While it may be true that certain insurance companies charge higher rates to women than men in the individual market, the overwhelming majority of people get their insurance through their employers, where this is not an issue. On the other hand, men are charged higher rates than women for car insurance and life insurance, where far more people are affected. This is commonly justified using statistics showing that there are more men than women who drive aggressively and cause accidents. However, many of us are responsible drivers who do not engage in such behavior. We should not be subject to a collective punishment that would be clearly unconstitutional were it done by the government instead of private companies. (Indeed, I contend that mandatory insurance laws are unconstitutional in the absence of provisions to protect drivers from gender discrimination.)

    I wholeheartedly and unconditionally support the passage of a health insurance bill that prohibits gender discrimination. However, gender discrimination in car and life insurance should be similarly prohibited. I see no one taking any action to make this happen. I would only hope that Rep. DeLauro would be willing to do unto others as she would have them do unto her.

  • yale 08

    Insurance is underwritten not by some mean old sexist, racist tyrant, but rather by impartial actuaries- math nerds.

    Yes, insurance is based upon the Law of Large Numbers.

    According to the law, the average of the results obtained from a large number of trials should be close to the expected value, and will tend to become closer as more trials are performed.

    Women cost more for health insurance largely because women live LONGER (longer you’re around = more chances to get sick and need treatment) and because women get PREGNANT (often several times).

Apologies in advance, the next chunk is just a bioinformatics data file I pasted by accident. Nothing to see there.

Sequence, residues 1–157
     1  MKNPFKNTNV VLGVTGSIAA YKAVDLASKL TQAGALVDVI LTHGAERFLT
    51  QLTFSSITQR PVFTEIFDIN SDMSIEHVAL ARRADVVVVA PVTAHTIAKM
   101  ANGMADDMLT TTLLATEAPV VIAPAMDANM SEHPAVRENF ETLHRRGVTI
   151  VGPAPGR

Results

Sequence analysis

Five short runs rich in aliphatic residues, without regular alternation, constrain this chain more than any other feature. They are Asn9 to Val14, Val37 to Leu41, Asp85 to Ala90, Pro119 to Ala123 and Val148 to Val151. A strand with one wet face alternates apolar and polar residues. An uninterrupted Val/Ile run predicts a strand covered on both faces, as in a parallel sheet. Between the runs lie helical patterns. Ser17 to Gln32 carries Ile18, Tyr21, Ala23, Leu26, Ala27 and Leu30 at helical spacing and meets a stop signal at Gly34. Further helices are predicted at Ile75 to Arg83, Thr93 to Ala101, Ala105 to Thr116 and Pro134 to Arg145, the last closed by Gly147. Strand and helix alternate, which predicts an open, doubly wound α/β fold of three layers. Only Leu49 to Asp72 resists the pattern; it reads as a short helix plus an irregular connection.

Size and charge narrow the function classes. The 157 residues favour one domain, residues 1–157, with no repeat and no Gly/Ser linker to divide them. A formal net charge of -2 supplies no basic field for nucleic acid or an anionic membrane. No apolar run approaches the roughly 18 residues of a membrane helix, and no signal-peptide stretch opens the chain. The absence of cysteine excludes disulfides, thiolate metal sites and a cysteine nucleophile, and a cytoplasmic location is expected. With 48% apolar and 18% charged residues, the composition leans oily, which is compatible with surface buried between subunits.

Male drivers get in more vehicle accidents.

    Construction workers fall off of roofs.

    Insulation companies used asbestos.

    These things cost MONEY and so the premiums should be HIGHER.

    Wake up kids.

  • Egalitarian

    As someone majoring in a highly quantitative field, I find it naive of you to say that actuaries are “math nerds” and therefore impartial. Of all the branches of mathematics, statistics is the one most prone to abuse. Often, the statistics that yield a politically correct result are chosen while the politcally incorrect statistics are conveniently ignored. While there are more accidents involving male drivers, it is also true that male drivers drive most miles. Per mile driven, male drivers actually get into fewer accidents than female drivers. If one accepts the highly flawed premise that gender is a valid criterion on which to base insurance rates, then these figures should be normalized for number of miles driven.

    As far as construction workers go, these people work dangerous jobs for low wages and are afforded low social status for it, even though they provide invaluable services to the rest of us. Should we punish those who choose such a path with high insurance rates? It’s absurd to ask people to pay for the right to be killed. Should we punish those who simply had the bad luck to be born into the same gender as the majority of those who choose such a path, even though they personally did not and do not carry such a risk?

    One of the most important principles of statistics is that correlation does not imply causation. The actuarial profession would do well to learn that.